LHP Vices & Virtues Part VII: Emotional Servitude

This series of posts is based on a list of initiatory Vices and Virtues of the Left Hand Path found in Uncle Setnakt’s Essential Guide to the Left Hand Path by Don Webb. It is done with the permission of the publisher, Lodestar. If these posts pique your interest in the Left Hand Path, please look for the book at Lodestar’s site, http://www.seekthemystery.com , or at Amazon. I highly recommend it, along with many others.

Vice #7: Emotional Servitude

I didn’t feel like writing this tonight. I didn’t feel like writing half of these posts when I did so, but they got done.

Would they have turned out better if I’d waited until I was in the mood? Possibly—inspired writing is special. That being said, if I’d waited until I was in the mood, they might not have been written at all.

Emotional Servitude describes the state of living to serve the emotions, and it comes in a staggering number of flavors. All addictions are forms of emotional servitude in which one aligns one’s actions with the pursuit of a certain feeling, or avoidance of certain, less-pleasant feelings. Emotions—capricious and ephemeral as they are—do not always make good guiding principles (though sometimes they do). They all have reasons, but do not necessarily follow Reason itself. As soon as their demands are satisfied, more demands will arise in short order, and if we have been putting those demands first, we will be bound to our emotional states in order to motivate us to do anything.

There are things we need to do regularly—tasks or practices that form the foundation of greater things to come—and in order to serve as a truly solid foundation, those things need to be done reliably no matter how we feel. Laundry, washing dishes and other household chores often fall by the wayside because we just don’t feel like doing them. The same holds true (and maybe even more true) for inner work involving practices such as meditation and daily ritual, especially when they are new.

It’s important to learn to bite the bullet and do these things even if we don’t feel like it. We may be exhausted and only capable of imagining the weariness we have to work through to achieve something. We may be comfortable on the couch in front of the TV, unwilling to break out of that comfort bubble to advance a goal. In any case, there is great power in summoning the will to do whatever it is we are putting off in preference of the feelings we enjoy, or in avoidance of the ones we don’t.

On one level, overcoming this vice is purely mechanical. You have things you want to get done, but will never get to the “good parts” without putting in hours of pure drudgery first. You can’t count on your emotions to always lead you toward the things that are best for you in the long run, so you learn to do things when you aren’t in the mood—it is the only way forward. Otherwise, the majority of your deeds are reactions, rather than self-determined actions in line with LHP thinking.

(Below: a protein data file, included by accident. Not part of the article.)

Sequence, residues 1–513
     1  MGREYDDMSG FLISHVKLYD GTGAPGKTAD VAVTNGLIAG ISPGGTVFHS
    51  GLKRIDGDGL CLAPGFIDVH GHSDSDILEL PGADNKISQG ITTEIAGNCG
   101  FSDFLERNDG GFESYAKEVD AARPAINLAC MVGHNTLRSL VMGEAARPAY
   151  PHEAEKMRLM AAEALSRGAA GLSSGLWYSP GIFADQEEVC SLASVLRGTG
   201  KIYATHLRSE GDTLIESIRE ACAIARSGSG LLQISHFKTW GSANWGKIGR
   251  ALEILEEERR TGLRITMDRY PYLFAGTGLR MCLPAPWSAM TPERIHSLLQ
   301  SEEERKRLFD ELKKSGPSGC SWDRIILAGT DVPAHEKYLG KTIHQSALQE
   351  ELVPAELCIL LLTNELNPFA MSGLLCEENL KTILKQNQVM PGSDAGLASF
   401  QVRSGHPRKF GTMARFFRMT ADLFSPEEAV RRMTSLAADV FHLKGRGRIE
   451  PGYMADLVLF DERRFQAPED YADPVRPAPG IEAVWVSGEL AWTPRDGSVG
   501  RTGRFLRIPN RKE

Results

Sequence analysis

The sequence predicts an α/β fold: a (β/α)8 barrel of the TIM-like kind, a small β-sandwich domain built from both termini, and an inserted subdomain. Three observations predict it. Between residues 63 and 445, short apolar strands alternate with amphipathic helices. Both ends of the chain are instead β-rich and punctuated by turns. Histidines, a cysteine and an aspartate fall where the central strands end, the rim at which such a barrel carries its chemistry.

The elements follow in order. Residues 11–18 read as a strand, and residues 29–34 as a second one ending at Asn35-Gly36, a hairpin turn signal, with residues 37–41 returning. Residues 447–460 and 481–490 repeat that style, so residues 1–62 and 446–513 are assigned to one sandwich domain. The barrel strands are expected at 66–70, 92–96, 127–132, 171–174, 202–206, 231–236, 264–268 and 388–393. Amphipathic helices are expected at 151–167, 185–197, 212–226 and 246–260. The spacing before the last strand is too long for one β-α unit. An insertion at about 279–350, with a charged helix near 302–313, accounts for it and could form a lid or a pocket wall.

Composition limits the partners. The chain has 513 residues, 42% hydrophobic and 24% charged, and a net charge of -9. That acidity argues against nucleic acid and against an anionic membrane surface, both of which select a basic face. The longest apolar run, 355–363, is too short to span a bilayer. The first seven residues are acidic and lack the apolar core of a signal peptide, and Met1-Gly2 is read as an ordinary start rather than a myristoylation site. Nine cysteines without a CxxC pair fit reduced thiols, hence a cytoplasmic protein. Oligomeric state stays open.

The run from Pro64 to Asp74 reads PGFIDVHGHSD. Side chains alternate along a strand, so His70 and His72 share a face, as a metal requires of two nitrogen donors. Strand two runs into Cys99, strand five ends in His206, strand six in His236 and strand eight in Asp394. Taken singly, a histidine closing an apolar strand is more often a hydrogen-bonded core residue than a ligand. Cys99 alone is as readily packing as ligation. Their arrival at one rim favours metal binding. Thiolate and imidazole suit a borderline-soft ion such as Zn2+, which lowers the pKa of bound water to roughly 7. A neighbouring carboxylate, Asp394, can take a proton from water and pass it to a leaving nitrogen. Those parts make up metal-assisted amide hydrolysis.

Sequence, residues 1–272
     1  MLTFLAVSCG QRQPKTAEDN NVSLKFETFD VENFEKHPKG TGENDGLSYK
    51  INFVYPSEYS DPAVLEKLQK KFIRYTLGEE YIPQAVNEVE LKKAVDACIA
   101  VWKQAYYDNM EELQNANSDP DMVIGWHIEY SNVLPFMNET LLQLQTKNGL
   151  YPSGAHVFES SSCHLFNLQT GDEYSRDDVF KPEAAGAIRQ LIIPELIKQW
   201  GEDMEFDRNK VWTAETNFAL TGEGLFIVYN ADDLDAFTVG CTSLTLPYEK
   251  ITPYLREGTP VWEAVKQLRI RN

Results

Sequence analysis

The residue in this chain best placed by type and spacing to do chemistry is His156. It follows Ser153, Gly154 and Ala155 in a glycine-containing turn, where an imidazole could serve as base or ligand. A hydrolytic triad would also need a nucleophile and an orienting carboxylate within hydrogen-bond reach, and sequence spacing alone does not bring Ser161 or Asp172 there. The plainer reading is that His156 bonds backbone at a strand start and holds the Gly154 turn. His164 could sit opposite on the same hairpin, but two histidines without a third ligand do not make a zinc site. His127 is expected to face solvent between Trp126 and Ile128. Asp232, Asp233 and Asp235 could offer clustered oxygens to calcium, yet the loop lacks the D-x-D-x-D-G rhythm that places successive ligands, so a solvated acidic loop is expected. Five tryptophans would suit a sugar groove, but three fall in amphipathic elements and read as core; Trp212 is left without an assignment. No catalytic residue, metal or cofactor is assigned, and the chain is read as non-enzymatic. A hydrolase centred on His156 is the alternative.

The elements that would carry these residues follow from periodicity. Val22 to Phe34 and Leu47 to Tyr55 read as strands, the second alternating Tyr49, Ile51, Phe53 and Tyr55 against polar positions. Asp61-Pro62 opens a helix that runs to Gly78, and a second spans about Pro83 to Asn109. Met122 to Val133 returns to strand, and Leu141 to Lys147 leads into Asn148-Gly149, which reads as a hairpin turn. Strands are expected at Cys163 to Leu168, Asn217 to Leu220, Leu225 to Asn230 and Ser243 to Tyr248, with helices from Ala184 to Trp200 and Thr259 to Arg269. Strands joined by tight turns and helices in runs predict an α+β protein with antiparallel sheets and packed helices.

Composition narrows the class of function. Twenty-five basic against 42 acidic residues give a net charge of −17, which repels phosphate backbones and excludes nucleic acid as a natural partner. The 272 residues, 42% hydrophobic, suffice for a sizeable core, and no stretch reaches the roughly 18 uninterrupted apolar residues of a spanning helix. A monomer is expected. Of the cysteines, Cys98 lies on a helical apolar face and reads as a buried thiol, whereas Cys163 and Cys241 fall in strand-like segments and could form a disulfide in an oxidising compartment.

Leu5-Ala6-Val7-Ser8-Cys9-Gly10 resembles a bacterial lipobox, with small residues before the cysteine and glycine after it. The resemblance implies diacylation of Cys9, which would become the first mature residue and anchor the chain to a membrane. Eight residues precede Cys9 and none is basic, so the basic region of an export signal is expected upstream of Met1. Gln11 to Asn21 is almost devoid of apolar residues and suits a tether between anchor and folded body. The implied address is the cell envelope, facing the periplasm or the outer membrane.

There’s an irony here: Often, doing things at times when you don’t really feel like doing them yields incredible results.

My best banishing rituals happened on mornings when I had to practically drag myself kicking and screaming to my practice space, rolling my eyes as I took hold of my phurba and aped the motions, or stood holding it and shaking with anxiety about something I’d be facing later in the day. Why? Because the sheer fact that I didn’t feel like doing a banishing ritual was a good sign that I really needed to do one. These are the moments beyond mere practice; when we observe a practice, it is moments like these that we are practicing for. This is the rubber meeting the road. This is the main event—everything we’re working towards is encapsulated in that moment when we overcome inertia and set processes in motion despite inner (and later, outer) resistance. Going against the grain and witnessing the triumph on one’s will is at the heart of LHP practice and philosophy; if we can’t pull it off at home in our living rooms, we will never pull it off out there in the world. Do it just once at home, however, and you have begun a practice that will last a lifetime and bear fruits you can scarcely imagine.

Yup, the best practice to head off this vice is to engage in daily practices no matter what, but in a more general sense, to develop the habit of doing things we don’t really feel like doing for the sheer discipline it will help us cultivate. Not normally a social animal, and you get invited out to happy hour? Try going anyway, and try to be social if you are normally more introverted. Do a favor that someone asks you to do because you’d rather decline and take a nap. Eat a meal you don’t particularly like, because you have to eat to live and that’s what you’ve got at the time.

Obviously, self-care must be balanced with self-discipline. A lot of the time, we tell ourselves to take it easy because “we deserve it,” and this is just a cop-out. Sometimes, we really do deserve or even need to take it easy on ourselves to avoid running ourselves ragged. Can you tell the difference between the two circumstances?

If you’re not accustomed to challenging yourself to do things you don’t feel like doing, you may not be able to. To know this difference, however, is an initiatory tool and milestone all its own. This is one of the practical ways in which Knowledge of Self is empowering and affirming. Knowing your capabilities means knowing your true limits, as opposed to the false set of limits we accept in order to remain comfortable from day to day. Respecting your limits—your true limits—is an important part of self-preservation. We will never learn this about ourselves without testing those limits.

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